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How Do Deep Sea Plants Survive?

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Joe McHugh Profile
Joe McHugh answered
Some deep sea plants survive by rooting themselves close enough to the shore that they can still receive enough sunlight to complete photosynthesis. Since sunlight cannot reach the deepest depths of the sea, however, it is impossible for plant life to survive there. Instead, deep sea life is sustained by chemosynthetic bacteria that rely on the conversion of inorganic molecules into organic matter.

Chemosynthesis is like the sister process to photosynthesis in that they both absorb carbons and transform them into food and energy that is then used by other organic life forms. Where photosynthesis is powered by light, chemosynthesis relies on chemical energy. In the absence of both light and chemical energy, life cannot exist.

An interesting piece of trivia is that before the discovery of chemosynthesis in the 1970s, scientists didn't believe that life on earth could be sustained without the sun. Today however, entire self-sustained ecosystems thrive deep in the depths of the sea. Aquatic animals like shrimp and crabs number in the millions, and giant 2.5 metre tube worms are populous in their own right. Additionally, scientists hypothesise that myriad undiscovered life forms exist in the deep sea, outside the reach of the sun and technology.

Hydrothermal vents are central to these systems. Located in areas where there's some degree of tectonic and volcanic action, these vents regularly or continuously gush magma-hot water into the ocean. This water dissolves the surrounding rock and expels the broken-down chemicals and minerals into the ocean at such a high concentration that it should be toxic.

Because of the presence of chemosynthetic bacteria around these vents however, this chemical and mineral cocktail is instead converted into an ample supply of food and energy to keep these ecosystems viable.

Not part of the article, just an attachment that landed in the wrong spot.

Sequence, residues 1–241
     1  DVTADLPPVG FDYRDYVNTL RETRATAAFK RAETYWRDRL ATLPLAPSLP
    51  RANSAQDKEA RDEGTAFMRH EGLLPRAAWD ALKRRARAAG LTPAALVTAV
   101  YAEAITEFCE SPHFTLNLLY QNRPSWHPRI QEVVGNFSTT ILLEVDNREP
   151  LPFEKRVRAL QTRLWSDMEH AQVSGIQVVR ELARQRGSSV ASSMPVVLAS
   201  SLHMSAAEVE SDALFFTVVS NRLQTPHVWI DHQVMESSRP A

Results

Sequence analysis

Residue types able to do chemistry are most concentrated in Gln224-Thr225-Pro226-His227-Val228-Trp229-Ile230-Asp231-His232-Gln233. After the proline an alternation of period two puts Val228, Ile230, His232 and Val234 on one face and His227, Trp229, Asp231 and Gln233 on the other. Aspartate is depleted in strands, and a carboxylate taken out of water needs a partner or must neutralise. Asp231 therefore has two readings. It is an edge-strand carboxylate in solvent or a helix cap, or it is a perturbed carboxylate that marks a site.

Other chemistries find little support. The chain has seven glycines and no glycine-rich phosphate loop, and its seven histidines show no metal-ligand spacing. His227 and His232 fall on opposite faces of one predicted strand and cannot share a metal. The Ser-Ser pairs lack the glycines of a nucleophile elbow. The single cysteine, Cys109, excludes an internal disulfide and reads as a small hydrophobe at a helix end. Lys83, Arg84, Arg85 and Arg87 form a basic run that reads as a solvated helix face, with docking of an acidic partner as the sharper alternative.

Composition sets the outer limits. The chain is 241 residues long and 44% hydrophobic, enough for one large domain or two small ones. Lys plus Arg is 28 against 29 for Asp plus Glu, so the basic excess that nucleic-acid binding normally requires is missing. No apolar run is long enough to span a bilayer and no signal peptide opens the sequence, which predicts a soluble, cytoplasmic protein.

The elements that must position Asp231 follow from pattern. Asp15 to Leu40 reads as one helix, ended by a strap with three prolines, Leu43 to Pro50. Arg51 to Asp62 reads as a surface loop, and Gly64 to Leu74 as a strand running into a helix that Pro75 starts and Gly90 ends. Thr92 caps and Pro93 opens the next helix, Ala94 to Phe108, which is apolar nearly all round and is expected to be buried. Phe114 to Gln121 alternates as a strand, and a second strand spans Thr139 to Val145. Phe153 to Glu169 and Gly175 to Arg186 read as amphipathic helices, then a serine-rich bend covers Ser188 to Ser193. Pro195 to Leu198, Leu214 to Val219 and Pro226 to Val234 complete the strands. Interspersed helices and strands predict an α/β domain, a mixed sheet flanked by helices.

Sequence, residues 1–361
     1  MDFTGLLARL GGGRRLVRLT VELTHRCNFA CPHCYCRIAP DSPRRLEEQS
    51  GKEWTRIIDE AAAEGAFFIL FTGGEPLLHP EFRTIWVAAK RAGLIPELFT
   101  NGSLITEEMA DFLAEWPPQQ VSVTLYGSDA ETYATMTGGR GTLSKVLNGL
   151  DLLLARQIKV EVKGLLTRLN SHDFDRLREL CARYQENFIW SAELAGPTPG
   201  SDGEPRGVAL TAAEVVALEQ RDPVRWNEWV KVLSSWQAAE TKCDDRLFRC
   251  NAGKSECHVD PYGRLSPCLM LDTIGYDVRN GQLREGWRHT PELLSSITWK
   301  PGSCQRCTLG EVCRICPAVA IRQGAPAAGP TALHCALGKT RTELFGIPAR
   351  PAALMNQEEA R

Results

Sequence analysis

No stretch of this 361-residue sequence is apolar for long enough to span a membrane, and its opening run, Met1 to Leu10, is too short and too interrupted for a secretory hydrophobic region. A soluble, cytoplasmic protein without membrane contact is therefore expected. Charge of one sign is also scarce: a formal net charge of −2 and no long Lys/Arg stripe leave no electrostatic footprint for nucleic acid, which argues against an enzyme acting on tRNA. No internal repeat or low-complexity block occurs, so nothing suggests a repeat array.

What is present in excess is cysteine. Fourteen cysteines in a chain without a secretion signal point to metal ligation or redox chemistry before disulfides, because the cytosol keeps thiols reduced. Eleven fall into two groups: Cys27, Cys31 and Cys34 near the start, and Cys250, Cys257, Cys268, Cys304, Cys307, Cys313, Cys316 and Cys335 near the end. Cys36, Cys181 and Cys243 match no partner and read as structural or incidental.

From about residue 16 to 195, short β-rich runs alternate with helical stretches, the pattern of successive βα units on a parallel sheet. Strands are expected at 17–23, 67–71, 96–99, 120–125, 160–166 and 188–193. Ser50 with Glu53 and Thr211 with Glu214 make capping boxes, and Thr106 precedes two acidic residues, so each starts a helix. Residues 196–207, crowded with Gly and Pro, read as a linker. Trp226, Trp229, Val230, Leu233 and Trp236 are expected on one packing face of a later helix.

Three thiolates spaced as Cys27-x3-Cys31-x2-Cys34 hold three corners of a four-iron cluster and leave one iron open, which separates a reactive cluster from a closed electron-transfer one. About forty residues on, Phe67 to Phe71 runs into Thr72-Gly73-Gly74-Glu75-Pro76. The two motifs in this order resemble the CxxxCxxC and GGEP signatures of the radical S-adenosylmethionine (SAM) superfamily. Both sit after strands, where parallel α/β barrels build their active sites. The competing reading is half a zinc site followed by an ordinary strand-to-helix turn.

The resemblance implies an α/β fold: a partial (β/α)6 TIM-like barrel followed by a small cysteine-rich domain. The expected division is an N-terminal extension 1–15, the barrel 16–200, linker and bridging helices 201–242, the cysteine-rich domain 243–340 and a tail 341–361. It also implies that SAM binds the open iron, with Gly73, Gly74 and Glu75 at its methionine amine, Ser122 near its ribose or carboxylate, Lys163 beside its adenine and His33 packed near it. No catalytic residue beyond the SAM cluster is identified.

To summarise, plants cannot survive in the deepest regions of the sea because there is no sunlight for them to photosynthesise. Chemosynthetic bacteria functions in the place of plant life to enable deep sea life to thrive.
Anonymous Profile
Anonymous answered
Most deep sea plants live by digging out the nutrients, which comes from dead plants and animals. Most plants live near hot vents or volcanoes where they can get the nutrients easier by just letting it shoot up.
Some deep sea plants produce their own light, which gives off heat and attracts small creatures, that will soon turn into plant food
Arun Raj Profile
Arun Raj answered
The rooting plants have an impact on the physiological processes of plants because of the nutrition of the plant. Deep rooted plants survive famine more and adapt well because water is accessible readily to deep-rooted systems. Thus in conditions, where there are sporadically drought-ridden, varieties or species of plants which have deeper roots are able to yield more compared to others. For plants like wheat, the nitrogen fertilizer is known to increase yield, and the plants thanks to their deep root systems are able to make efficient use of the nutrients during the spells of drought. Deep root systems are ideal for increased photosynthesis, as plants are able to draw in more carbon dioxide from the atmosphere, and also for evaporation of water from the plant surface (transpiration).
jagadish ts Profile
jagadish ts answered
They don't undergo the photosynthesis cycle unlike other plants because of the absence of light.They survive entirely by absorbing nutrients present in the soil.The soil is very rich because all dead fish,plankton etc., settles on the deep ocean floor (like an undersea graveyard).
Anonymous Profile
Anonymous answered
By being cool
Anonymous Profile
Anonymous answered
Most of them are heterotrophic. They survive on small insects or fishes in the sea. Unicellular bacteria can prepare its own food. Sunlight is not present in deep sea. Thus no autotrophic plants are present I think. Algae survive by the photosynthesis reaction by phtoplanktons..
Anonymous Profile
Anonymous answered
Eating other organisms
Anonymous Profile
Anonymous answered
Deep sea anemones survive by eating other organisms and by the nourished ground that they live on.

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